Over the last 12 months there’s been a new industry buzz word kicking around: “virtualization”. But what is “virtualization” and what does it mean for broadcasters and content owners?
The shift from SDI to IP means that traditional MAM, automation, playout and storage workflows have been redefined so that broadcasters can be a lot more flexible about how they shoot, edit and distribute their content. This, coupled with cloud infrastructure, means that metadata, monitoring tools and workflows have moved human interaction away from physical machines, and the media away from local hardware, and into a virtualized environment.
We’ve been inching towards virtualization for years with weather presentation green screens and digital graphical overlays, and efforts to automate workflows and standardise delivery/transmission methods. Innovations in IP technology have reached the point that they can support the speed and quality of service requirements of broadcast media.
For example, most of the media in today’s cinema blockbusters are generated in IP toolsets and delivered as digital files to theatres. Moving to an all IP infrastructure supports Studio-Video-Over-IP (SVIP) and can virtualize every aspect of the broadcast chain, from simulated studios for on-air personnel, to computer-generated channel creation for special events.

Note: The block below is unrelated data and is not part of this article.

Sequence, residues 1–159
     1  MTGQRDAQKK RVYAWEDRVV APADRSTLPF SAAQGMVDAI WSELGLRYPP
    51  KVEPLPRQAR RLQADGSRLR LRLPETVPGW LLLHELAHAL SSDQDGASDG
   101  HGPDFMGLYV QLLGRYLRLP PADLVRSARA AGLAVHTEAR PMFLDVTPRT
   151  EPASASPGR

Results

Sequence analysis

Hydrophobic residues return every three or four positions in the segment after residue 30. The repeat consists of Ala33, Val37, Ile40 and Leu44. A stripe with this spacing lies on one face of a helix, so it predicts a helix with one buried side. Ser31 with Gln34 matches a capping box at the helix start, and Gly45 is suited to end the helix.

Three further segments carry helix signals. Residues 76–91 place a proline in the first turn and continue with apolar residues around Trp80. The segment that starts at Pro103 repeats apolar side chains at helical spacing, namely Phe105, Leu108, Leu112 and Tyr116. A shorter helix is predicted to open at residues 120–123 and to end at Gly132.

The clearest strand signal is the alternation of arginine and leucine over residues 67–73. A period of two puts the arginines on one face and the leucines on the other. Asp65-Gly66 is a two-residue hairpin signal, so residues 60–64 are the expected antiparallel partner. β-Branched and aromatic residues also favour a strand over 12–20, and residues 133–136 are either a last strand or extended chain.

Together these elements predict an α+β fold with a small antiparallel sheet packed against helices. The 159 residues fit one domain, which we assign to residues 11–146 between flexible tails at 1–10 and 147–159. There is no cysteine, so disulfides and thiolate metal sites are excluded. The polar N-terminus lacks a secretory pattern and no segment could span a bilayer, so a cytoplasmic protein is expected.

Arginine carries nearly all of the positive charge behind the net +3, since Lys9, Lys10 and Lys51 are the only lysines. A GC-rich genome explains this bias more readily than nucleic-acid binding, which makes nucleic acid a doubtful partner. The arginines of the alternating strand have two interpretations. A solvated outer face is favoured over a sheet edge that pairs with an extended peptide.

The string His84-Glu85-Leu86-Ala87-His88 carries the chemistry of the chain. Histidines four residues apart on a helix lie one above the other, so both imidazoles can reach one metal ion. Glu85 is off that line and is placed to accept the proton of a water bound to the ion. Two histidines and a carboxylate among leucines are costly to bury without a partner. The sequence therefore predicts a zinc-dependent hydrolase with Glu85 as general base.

As we know, the cloud has a huge role to play in the virtualized TV world. When everything is digitized in virtual systems, broadcasters will be generating a massive amount of data, especially as more consumers demand UHD media (4K and 8K). Cloud storage is a natural way to extend storage capacity and build deep archives. These new workflows will allow the high-speed launch of new channels, which is a major advantage for fast monetization through advertiser support. Many of the future applications and their monetization will require broadcasters to take advantage of the IP infrastructure to enable them to participate.
So how do they prepare? There are multiple steps that can be undertaken to ready an existing plant for a virtualized future. Ensure that the linear channel play-out systems, the media asset management and workflow systems and other tools in the SDI system are “ready” for IP and virtualization. Move production to a system that can be virtualized, like the Adobe Premiere CC or Adobe Anywhere system. Investigate the cost of hardware and labour to over-build the SDI plant with IP infrastructure (switches, etc.)
At NAB 2017 Tedial launched a new concept in storage virtualisation systems, AST, which was awarded the IABM’s Game Changer Award 2017 in the Storage category.
By Jay Batista, General Manager US Operations, Tedial